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From the buzzards perspective...

Random articles that are created as I travel, experience new things, meet new people and discover new insights.

  • Writer's pictureEddy Weiss

Is "Media Saturation Overload" the next PTSD?

Managing or overseeing responders is not like being the manager at some corporation or business. Responders are a breed of their own and so when it comes to management, it takes special insight and wisdom to deal with internal issues. Responders are known for dark humor, periods of high adrenaline and periods of low adrenaline. Responders are constantly under the spotlight, so they are constantly aware of being “supervised” and criticized by the public and by administrators as well. When a responder has an issue, it is important that it be dealt with as quickly as possible as the wellness of each responder relies on the wellness of the others ultimately resulting in life or death situations where everyone has to be “on their game”.

So what do you do when the check engine light first comes on? You see it, but cannot quite put your finger on why it is on. You slow for a moment and begin to pay special attention to see if you can hear anything different and might even pull over completely for a moment. When nothing stands out as the cause, you continue on your way, promising yourself you will have it looked at. Unfortunately, life happens and a few days pass. You are almost used to that pesky little light and obviously it is nothing major because the vehicle still runs, sounds and handles fine. Well, it did handle fine. Suddenly you feel a shudder, then a slight hesitation and you look down to see that little orange engine shaped light is flashing. You waited too long.

In this present day, this can be what happens to a department all because of a new stressor in the world of response whether it be fire, police or EMS.

That stressor is the news.

In today’s news delivery ecosystem, slightly more than half of U.S. adults report that they get their news through social media. App after app is downloaded and notification settings are chosen. Throughout each day our phones chime or beep with news of protests, lawsuits, investigations, shootings, ambushes, defunding and more. As responders we rationalize the addiction to the news as needing to be aware, but how much is too much and when does it cause the flashing engine light leaving the entire department on the side of the road?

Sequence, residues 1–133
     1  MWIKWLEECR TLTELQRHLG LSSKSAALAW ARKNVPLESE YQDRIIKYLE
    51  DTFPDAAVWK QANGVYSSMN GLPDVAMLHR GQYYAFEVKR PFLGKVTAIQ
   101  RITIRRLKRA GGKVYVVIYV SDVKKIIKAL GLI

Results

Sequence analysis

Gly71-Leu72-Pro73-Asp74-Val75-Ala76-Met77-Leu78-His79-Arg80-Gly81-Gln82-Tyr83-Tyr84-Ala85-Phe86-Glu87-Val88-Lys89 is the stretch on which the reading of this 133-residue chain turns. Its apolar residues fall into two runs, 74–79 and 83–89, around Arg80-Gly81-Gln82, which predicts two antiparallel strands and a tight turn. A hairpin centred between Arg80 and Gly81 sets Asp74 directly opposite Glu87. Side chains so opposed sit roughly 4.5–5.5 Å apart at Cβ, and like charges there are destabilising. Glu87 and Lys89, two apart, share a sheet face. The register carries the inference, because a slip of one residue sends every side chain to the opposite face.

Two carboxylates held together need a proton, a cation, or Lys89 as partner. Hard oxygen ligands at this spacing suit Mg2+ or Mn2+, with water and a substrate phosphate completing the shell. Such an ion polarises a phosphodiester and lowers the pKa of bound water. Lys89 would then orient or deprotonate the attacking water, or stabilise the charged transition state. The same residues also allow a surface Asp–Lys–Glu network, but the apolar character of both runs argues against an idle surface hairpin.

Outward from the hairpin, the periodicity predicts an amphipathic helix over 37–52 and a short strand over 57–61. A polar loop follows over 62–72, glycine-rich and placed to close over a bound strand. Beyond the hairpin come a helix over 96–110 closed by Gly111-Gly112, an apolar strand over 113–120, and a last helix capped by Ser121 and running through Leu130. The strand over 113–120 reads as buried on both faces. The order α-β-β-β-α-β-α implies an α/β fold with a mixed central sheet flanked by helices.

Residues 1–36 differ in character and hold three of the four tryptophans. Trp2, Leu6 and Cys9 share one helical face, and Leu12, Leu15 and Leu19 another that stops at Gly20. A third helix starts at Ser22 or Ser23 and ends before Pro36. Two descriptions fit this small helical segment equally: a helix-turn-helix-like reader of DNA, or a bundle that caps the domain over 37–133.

If you have not noticed, there are few stories of the frontline heroes anymore. Sure, by the end of 2020 the stories were out about nurses and EMT’s that were out saving COVID patients, firefighters that were braving pandemic to stay in the station and law enforcement that continued to interact with the infected public in order to maintain law and order, but those stories are long gone. In order to drive the “clickbait” ads, negative news coverage is scientifically created and sent out because negativity gains more attention!

We are victims of our own morbid curiosity. “Firefighter dies in freak fall” will catch our attention pretty quickly. “Cops ambushed while on lunch break”. “New Orleans using civilians due to lack of officers”. See what I mean?

In the last two years our frontline responders, especially law enforcement, have been the focus of negative attention like never before in America’s history and that includes prohibition and the L.A. riot periods! With each frontline responder carrying a cell phone, responders are beginning to suffer from what researchers are calling “media saturation overload” and that is not the only problem. While the overload itself can cause issues (and does in ordinary civilians), it could be causing severe issues in the mindset of responders because they are the focus of the negativity.

It is one thing to constantly be checking the news and it is quite another to be “doomscrolling” story after story that highlights throngs of people that hate you, protestors shouting that you should die, discoveries of plots to ambush or attack you, administrations that want to defund you and more. There is no way to escape the flood of negative media coverage and so responders are facing negativity every day and every hour all while still trying to perform their duties with the same passion they had when they first donned the uniform.

Our problem with news saturation has become serious enough that doctors and researchers are creating new terms for the issue like “headline anxiety” and “headline stress disorder”. There is nothing new about the psychological strain of living through and absorbing dismal news but psychologists are now saying that the increase in negativity toward responders along with the increase of social media commentary has made matters worse.